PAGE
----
(For Kassu Tsadik, courageous Eritrean mother)
Khartoum Telatta, a refugee camp (1978)
and the young men and I grow closer.
We visit refugee camps regularly,
and on one particularly bright day,
a day when people and objects
appear closer and more luminous,
we meet an old and beautiful Eritrean woman.
In the purple light of dusk we sit
inside a small concrete hovel
sipping the thick sweet coffee she offers.
Still wearing the traditional pristine, white muslin dress
and veil of her ancestors, she appears
insular and separate from external surroundings;
I watch as she moves gracefully, despite the confinement
to joyfully scoop the dark coffee beans into a small
black iron pan she roasts over a charcoal flame,
making a fresh pot for each round of servings.
She smiles warmly as I ingest the delicious aromatic brew.
Her hospitality and generosity have remained,
even under these circumstances
the simple ritual we share binds her to me
and to all those who have stayed compassionate
while living in hell and under fire.
Although we cannot speak a common language,
when it’s time to leave,
these words come to me in a deep impress:
Fix your eyes on a thousand, thousand stars
in the black dome of sky,
stars that do not shine, but spit hell fire.
Look on the sweet earth,
earth our fathers worked with sweat.
Look, but don’t walk on it
It may become your gravesite tonight!
See the flowers, rose petals,
Only thorns are left.
This is my song today, yes.
Think of those you love dearly
Now think of losing them, multiply this 4 million times
And surely your loss will have touched mine
My name is Eritrea; my name is South Africa, Somalia, Iraq
my name is America, before and after the European…
I am an Eritrean, although I was told by your country, I am to be Ethiopian. I am sure you were not told of this.
The scars of many tears cover my face
—my struggle an endless battle cry.
Was my beauty the cause of this
or the buried treasures within that attracted so many of them
Italian, Turk, Arab and Greek? Too many to name
have come and ravished me. Taking, taking so much greed!
How I would prefer to speak to you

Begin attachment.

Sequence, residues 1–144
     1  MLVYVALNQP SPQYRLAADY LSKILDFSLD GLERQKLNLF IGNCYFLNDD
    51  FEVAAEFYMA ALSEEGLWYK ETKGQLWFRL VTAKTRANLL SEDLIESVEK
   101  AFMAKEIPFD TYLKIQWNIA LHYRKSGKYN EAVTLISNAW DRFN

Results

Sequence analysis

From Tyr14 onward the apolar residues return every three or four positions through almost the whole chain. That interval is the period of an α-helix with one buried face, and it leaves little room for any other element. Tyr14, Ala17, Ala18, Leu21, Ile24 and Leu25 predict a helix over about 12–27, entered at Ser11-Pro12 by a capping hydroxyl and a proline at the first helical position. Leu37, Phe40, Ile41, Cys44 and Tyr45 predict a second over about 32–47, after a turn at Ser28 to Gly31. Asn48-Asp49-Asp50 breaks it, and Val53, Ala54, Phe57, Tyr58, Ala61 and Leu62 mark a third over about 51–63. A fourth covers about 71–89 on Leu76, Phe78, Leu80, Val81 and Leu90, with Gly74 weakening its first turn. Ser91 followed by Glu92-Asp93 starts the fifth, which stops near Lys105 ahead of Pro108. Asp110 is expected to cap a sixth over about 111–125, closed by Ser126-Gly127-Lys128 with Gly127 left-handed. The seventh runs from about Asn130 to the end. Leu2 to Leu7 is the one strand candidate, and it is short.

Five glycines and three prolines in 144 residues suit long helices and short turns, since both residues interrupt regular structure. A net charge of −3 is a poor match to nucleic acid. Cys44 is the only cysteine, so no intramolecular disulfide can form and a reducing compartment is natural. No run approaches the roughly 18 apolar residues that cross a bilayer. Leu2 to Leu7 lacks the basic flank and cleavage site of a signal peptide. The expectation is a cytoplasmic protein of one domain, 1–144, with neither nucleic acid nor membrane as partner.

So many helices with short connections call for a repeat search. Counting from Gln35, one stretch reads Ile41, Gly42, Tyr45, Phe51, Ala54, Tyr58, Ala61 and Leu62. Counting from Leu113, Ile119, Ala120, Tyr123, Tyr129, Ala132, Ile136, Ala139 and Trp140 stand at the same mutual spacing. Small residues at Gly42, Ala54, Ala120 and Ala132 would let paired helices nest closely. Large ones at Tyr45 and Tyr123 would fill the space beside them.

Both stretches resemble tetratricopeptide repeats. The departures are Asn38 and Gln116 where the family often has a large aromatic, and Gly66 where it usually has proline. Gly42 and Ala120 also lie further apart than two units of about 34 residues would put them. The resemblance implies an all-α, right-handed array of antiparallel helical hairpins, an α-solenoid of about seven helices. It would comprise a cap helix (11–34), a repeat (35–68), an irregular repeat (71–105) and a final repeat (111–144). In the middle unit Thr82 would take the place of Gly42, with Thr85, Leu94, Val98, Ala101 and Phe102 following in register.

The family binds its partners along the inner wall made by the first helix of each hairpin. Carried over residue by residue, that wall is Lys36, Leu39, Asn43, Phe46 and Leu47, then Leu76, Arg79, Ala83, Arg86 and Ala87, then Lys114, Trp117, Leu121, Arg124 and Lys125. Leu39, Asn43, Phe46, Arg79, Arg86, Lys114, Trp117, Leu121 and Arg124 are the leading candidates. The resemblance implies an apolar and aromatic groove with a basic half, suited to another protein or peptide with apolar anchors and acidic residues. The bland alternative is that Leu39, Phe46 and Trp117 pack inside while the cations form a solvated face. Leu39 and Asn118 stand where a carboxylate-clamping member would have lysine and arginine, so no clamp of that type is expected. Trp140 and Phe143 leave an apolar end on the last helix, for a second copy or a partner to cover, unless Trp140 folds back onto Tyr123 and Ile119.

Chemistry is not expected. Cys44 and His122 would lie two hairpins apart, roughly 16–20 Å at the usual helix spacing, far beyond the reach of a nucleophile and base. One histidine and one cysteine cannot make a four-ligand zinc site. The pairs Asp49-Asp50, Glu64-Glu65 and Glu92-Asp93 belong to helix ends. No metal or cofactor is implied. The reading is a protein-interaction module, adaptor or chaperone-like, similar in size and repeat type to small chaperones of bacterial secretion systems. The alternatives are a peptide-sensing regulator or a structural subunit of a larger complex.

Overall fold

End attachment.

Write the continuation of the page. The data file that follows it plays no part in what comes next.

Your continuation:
of our customs and dress
The netsala women wear covers my head
The table we set is seated with eight
-we share one plate.
Our land is also shared – divided by lot
We are many kinds of people and speak many languages.
How I long to tell you of our cool highlands
our capital Asmara- as it was…
our desert, touched by the Red Sea
the sea that led Moses to freedom
shall see freedom in me
Red, red now with the blood of my children.
Wars are interminable separations
My children are all refugees or dead
Who will pay this blood debt?
We are still fighting the wars of possessions:
my gods, your gods, my land, your land, my race, your race.
We remain locked in the jaws of separation
each regretful act justified by past dreadful deeds
ever recreating the patterning of pain.
We are not yet making unity; we are not yet making peace.
Each branch of learning remains at war
as we remain caught in contradictions.
Today I will call myself human being
will you join me?
All of the colors make one light
why stay in the dark?
The speed of light is very great
Just imagine where we could be!
We each need the same basic things:
a blazing sun, a golden glow around everyone,
enough to live, enough to eat, to love.
There seem to be many paths before us,
but all the paths really divide into two.
Which will you take?
The glitter of fool’s gold has been
a false light for far too long.
From Journey to the Heart Waters by Louisa Calio, published by Legas Press (October 2014) Write P.O. Box 149 Mineola LI NY 11501 att: Gaetano Cipolla. Or Amazon.